All the models I worked with were locals and knew more about posing nude in the desert than I did. All brought water to drink and stayed out of the sun as much as possible when not posing or until it lost much of its force. My biggest concerns for a model or photographer working in the environment for the first time would be not drinking enough water and the sun on exposed skin. I kept pretty well covered in sunscreen while outdoors, but did redden just a bit on my last shoot which ended in the full force of the midday sun. I drank plenty, but still felt like I got behind a few times. Plenty of water is the one thing I cannot overemphasize as the heat and dryness really pull water out of the body.
I also would suggest really focusing on the times around sunrise or sunset not just for the great light, but to give the best conditions. It’s cooler and the sun is just too fierce and harsh to easily work during the middle of the day. I’m also looking forward to trying some light painting my next trip out there.
Wildlife is another concern. The desert of course holds several animals you’d prefer not to meet such as the rattlesnake and scorpion. Thankfully I saw none of those while out shooting or hiking. My personal favorite was the yellow signs similar to the ones we commonly see in the east warning of deer. I saw plenty warning me to watch for bison or elk in the road. Then as I travelled through the higher elevations of central Arizona I saw one warning me to watch out not for buffalo or elk, but mountain lions for the next ten miles.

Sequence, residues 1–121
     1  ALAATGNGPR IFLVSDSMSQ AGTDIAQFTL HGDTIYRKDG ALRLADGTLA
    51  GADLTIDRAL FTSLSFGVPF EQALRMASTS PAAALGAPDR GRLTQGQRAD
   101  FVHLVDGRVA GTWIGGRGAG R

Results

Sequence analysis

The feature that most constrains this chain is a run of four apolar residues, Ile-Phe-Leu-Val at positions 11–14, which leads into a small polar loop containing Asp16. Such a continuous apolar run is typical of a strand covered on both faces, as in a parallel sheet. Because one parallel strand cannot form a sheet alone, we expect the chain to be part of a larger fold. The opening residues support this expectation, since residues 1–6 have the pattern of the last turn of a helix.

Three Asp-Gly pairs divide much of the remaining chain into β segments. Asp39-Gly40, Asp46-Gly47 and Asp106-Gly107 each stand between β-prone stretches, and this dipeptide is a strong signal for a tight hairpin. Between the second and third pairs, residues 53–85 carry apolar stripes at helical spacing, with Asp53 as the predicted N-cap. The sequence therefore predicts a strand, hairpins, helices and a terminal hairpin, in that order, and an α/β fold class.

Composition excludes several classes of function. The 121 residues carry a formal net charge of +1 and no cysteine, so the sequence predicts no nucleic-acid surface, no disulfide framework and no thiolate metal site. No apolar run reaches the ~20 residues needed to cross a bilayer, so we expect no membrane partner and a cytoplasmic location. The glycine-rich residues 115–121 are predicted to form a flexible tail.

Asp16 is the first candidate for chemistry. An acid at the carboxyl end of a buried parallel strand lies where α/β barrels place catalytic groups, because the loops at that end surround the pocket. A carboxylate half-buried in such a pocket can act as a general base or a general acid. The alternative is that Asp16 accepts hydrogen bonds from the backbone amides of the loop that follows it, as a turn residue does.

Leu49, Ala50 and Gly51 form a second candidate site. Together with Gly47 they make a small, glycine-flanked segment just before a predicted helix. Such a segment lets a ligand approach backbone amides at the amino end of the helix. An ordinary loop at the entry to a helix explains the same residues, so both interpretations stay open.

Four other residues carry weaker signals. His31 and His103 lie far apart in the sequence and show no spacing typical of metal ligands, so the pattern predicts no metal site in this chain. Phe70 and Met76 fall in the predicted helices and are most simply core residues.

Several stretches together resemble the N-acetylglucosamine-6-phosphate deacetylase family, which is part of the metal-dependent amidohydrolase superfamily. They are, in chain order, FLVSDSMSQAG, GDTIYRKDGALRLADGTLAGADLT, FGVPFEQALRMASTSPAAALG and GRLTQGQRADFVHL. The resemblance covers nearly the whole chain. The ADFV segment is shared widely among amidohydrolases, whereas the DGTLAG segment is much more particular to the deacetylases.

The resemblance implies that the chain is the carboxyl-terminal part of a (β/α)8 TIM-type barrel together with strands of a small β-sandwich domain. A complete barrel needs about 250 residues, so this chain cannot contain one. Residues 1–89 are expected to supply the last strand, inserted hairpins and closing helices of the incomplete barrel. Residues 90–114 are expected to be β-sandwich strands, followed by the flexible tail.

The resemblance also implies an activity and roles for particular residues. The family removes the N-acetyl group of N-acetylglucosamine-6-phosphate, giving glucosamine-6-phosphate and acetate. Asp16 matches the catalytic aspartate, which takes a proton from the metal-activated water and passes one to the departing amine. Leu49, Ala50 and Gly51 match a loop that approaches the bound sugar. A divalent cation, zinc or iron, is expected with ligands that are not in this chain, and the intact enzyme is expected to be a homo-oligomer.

I stayed in my car the next ten miles. And a few more after that.
In conclusion I loved the desert as a location. I’m already looking at planning a trip back outside of summer to shoot among a few other adventures I’ve planned. Like any other location there are precautions and challenges, but the rewards are worth them. A lot of common sense goes a long way as with any outdoor work.